Trueline Spotlight: Risk and Reward

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Anjali Lapierre

Whether it’s leaving home for college or moving to a new city on a whim, stepping outside one’s comfort zone can be a nerve-racking experience.

Anjali Lapierre prefers to call it by another name.

“To me, that’s life,” says LaPierre, who recently celebrated three years as a content coordinator with Trueline. “I’ve never been afraid to try new things, new places, new jobs. New beers!” 

It’s a perspective that LaPierre learned to embrace early on—even if it sometimes meant enduring Hell on Earth.

Well, sort of.

Handling the heat

As a high-school student in Hampstead, New Hampshire, a small town near the Massachusetts border, LaPierre spent her summers working at the nearby Canobie Lake Park (picture a small-scale Six Flags).

“I’ve never been afraid to try new things, new places, new jobs. New beers!” 

Her first job? Mingling with visitors while donning massive animal costumes—often in the scorching summer heat.

“It was hot, not gonna lie,” LaPierre says with a laugh. “The giant bear costume was probably the worst. I learned pretty quick that I didn’t want to make that a career. Though I actually really enjoyed the job. Molly the Mouse was my favorite costume, I practically lived in it.”

After graduating from Pinkerton Academy, one of the largest high schools in the state, LaPierre attended the tiny Lyndon State College in Northern Vermont (now Northern Vermont University). Enrollment: 1,200.

“We had to drive 30 minutes to the nearest Walmart,” recalls LaPierre, a music business industry major who moonlighted as a sound mixer and lighting designer for the school’s on-campus theater. “It was very different from where I grew up, going to a school that was basically the size of my high-school class. But it was a fun experience. I still dream about how beautiful it is up there. The green mountains are breathtaking. It’s like a second home.”

On the road

Degree in hand, she moved back home. By day, she supervised ticket sales at the Southern New Hampshire University Arena. By night, she worked the box office at the legendary House of Blues in Boston.

Eventually, the daily commute took its toll. Eager for another change, LaPierre and her longtime boyfriend (and now-fiancé), Corbet, moved to Maine in the spring of 2017. Settling in Portland, LaPierre landed a job as a content coordinator with Trueline, working on the then-new Toggle magazine.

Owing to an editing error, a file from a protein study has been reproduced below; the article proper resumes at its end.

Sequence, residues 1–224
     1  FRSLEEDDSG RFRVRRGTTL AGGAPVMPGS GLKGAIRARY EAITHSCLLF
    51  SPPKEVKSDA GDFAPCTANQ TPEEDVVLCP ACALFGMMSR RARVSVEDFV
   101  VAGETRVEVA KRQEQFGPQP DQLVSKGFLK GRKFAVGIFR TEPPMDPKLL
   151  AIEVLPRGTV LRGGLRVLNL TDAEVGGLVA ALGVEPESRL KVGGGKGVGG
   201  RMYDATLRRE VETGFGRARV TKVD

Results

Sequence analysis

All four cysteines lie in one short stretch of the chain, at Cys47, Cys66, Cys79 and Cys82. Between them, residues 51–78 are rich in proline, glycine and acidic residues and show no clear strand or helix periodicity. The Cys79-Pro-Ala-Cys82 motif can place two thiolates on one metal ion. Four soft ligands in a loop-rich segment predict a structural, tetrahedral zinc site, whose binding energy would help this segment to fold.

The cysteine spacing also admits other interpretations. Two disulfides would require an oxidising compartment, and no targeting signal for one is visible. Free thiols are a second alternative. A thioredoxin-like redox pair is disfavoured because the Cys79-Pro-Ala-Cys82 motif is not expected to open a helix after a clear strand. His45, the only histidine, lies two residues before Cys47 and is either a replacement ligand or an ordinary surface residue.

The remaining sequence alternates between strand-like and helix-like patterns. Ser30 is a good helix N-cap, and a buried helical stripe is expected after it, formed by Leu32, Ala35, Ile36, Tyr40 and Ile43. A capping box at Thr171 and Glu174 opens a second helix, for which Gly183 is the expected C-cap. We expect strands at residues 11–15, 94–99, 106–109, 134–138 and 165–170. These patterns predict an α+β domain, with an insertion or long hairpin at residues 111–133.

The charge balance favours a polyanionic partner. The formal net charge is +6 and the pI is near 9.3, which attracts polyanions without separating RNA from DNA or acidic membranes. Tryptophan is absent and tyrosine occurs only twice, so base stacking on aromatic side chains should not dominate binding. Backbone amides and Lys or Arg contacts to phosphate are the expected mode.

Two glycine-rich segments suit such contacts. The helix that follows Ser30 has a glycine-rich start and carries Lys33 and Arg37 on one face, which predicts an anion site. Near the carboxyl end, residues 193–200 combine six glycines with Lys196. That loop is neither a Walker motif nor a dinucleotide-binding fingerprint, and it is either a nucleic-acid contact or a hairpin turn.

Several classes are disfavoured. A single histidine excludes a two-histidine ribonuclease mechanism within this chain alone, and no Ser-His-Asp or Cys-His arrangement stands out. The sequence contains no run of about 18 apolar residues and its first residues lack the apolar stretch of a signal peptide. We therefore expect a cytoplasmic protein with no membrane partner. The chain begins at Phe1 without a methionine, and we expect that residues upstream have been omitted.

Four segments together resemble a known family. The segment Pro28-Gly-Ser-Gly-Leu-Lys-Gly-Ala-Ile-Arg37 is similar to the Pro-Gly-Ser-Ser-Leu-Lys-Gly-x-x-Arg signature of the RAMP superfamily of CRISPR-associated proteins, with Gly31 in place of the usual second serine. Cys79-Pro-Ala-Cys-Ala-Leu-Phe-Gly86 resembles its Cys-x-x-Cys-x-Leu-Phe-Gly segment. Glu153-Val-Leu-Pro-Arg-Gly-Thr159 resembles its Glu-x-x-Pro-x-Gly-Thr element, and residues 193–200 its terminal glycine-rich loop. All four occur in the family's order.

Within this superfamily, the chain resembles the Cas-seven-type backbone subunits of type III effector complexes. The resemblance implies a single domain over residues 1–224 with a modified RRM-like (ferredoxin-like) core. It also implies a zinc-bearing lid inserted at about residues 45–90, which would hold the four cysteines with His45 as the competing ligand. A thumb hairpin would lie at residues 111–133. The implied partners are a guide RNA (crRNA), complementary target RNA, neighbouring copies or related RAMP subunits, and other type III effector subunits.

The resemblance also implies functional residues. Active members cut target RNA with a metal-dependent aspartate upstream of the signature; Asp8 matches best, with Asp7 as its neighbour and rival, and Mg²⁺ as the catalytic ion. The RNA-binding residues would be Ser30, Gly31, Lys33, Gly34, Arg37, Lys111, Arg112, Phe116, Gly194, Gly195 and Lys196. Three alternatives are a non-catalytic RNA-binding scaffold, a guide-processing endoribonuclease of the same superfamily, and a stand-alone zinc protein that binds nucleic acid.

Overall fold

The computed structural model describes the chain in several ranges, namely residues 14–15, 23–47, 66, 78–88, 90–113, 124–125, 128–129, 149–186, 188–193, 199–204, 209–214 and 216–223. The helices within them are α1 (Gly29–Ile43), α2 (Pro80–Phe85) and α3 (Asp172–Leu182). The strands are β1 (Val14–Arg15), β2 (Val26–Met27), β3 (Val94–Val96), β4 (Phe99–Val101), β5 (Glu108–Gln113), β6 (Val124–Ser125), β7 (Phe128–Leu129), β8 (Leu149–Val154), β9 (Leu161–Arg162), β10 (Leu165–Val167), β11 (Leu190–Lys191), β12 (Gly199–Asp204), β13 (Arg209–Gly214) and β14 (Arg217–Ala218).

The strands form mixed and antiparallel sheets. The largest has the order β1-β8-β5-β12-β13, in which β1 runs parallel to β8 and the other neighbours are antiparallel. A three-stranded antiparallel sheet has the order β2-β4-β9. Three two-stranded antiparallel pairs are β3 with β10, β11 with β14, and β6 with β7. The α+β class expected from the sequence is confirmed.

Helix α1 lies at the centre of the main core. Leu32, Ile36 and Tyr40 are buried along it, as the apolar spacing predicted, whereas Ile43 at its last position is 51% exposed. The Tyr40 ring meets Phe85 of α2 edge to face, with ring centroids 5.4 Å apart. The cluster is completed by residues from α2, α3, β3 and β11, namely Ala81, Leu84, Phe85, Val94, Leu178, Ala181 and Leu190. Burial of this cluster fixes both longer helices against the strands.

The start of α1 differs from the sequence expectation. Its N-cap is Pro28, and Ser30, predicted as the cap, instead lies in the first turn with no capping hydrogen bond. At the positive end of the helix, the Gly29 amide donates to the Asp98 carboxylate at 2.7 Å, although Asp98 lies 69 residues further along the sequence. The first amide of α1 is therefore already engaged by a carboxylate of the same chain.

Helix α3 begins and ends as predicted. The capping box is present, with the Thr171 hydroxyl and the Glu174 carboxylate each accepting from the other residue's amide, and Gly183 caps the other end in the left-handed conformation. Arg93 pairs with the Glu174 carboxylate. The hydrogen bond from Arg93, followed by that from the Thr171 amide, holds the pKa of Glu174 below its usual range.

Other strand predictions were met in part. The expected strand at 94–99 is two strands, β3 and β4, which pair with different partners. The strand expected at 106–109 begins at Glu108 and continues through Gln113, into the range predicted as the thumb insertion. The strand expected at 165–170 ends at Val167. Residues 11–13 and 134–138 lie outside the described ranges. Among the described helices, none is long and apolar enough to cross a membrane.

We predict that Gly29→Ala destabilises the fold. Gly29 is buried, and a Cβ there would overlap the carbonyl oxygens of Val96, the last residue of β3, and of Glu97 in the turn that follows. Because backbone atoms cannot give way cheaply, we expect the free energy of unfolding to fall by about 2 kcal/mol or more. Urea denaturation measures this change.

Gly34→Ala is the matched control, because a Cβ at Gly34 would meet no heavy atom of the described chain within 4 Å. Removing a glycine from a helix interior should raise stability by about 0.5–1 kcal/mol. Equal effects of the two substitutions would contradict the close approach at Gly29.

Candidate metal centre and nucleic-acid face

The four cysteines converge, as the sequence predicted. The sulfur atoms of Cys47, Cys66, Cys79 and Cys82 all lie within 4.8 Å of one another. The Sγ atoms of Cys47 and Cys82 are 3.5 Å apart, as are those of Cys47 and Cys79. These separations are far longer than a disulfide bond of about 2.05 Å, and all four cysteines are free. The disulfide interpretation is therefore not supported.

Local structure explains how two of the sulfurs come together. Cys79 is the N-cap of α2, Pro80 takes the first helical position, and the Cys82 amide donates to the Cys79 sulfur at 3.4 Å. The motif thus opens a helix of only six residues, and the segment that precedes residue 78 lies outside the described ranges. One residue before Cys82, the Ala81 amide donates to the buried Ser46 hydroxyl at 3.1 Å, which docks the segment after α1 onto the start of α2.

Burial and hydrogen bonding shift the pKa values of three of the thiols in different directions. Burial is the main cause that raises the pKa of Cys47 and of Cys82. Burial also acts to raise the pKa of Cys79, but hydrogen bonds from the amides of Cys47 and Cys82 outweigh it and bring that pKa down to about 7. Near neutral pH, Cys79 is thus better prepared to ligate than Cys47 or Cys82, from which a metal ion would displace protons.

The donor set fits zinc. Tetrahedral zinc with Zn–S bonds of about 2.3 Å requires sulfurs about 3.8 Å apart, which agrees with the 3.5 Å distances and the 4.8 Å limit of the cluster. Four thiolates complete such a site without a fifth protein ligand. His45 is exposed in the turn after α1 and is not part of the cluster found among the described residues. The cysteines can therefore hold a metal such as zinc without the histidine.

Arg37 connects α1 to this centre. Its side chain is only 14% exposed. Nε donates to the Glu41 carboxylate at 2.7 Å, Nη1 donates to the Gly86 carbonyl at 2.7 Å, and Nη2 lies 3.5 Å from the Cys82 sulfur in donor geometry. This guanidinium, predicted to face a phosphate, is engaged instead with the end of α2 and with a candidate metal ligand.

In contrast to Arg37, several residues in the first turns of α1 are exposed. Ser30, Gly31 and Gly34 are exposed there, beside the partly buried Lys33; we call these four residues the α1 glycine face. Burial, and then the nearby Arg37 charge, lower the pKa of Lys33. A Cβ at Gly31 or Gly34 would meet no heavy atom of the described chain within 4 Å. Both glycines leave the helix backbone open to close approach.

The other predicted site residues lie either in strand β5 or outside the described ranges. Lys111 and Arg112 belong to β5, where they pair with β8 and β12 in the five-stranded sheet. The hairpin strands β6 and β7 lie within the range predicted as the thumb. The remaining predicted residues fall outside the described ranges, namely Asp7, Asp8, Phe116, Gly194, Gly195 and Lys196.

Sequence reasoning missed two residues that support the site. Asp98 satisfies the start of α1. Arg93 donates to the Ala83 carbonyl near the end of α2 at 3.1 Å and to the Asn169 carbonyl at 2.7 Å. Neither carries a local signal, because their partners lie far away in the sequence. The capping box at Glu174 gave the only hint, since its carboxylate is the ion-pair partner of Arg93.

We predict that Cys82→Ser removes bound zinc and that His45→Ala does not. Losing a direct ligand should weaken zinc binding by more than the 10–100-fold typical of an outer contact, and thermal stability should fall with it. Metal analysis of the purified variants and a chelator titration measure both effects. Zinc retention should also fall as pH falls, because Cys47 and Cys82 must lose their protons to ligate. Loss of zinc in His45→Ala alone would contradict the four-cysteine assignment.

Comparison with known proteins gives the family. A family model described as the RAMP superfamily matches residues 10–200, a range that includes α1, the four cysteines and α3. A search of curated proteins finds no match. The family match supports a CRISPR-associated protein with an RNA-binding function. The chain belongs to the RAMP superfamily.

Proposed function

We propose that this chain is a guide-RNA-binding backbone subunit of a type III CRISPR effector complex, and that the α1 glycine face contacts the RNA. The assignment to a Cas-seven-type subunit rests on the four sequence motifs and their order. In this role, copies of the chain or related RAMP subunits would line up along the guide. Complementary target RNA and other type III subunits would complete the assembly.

Within months, Corbet was offered a job at one of Connecticut’s biggest craft breweries. It was an opportunity too good to pass up. Not wanting to abandon her own post, LaPierre approached CEO Haj Carr with the idea of working remotely—a privilege typically reserved for Trueline veterans.

Related Post:  Trueline Spotlight: A Home Away From Home

“Haj and Sean [O’Reilly] put a lot of trust in me to allow me to do that, not even knowing if I’d be successful,” she says. “It’s something I’m incredibly grateful for.”

Raising a glass

From the couple’s Westbrook, Connecticut farmhouse—which they share with their two best friends from college (and a Great Pyrenees named Nova)—LaPierre continues to be a Toggle stalwart, with a focus on CIOs and CTOs in the nation’s universities and public-school systems.

She’s also something of a trendsetter: When COVID-19 forced Trueline to virtualize its entire operations, management asked LaPierre to share some tips on how to maximize productivity while working remotely.

Nova, taking Anjali for a walk.

As for Corbet: He’s still plying his trade as a brewer at Stony Creek Brewery, the business having been deemed essential by Connecticut’s governor. The arrangement makes LaPierre a little nervous, because of the potential exposure to the virus—though the perks certainly help.

“I love beer, so at least we have that,” she quips. “Stouts are my favorite, but I tend to be pretty seasonal with what I drink: lagers and pilsners in the summer, darker beers in the winter.”

Always on the lookout

Once life returns to normal, the couple hopes to resume a favorite weekend pastime: touring the region’s endless array of breweries. 

Truth be told, there’s one drive LaPierre looks forward to more than any other: the one that leads to her favorite New England city.

“Every time I come up to Portland for a few days, I’m reminded of all the reasons why I love it, and I ask myself, ‘Why haven’t we moved back here yet?’ she says. “I love Novare Res. I love the food. There’s a great speakeasy we love to visit.”

Where is it, you ask?

“That I can’t tell you,” she says. “All I’ll say is it has a hidden entrance, it’s somewhere on Exchange Street, and everything in there is five bucks.”

In other words: the kind of place that only those with an adventurous soul can find.

Fun Facts:

Favorite Stout: Stay Puft from Barreled Souls.

Best House of Blues Show She’s Seen:  Mighty Mighty BossTones (I go to their annual “HomeTown ThrowDown” event every year). Honorable Mentions: Logic, Dropkick Murphys, Streetlight Manifesto.

Zoom or HouseParty?: What on earth is HouseParty?

Favorite Pastime at Lyndon State College: Skiing at Burke Mountain. Swimming at Lake Willoughby. Eating all the free Cabot Cheese samples.

Is Connecticut Pizza Worth the Hype?: I don’t know if I would say it’s worth the hype, but it will hold a special place in your heart.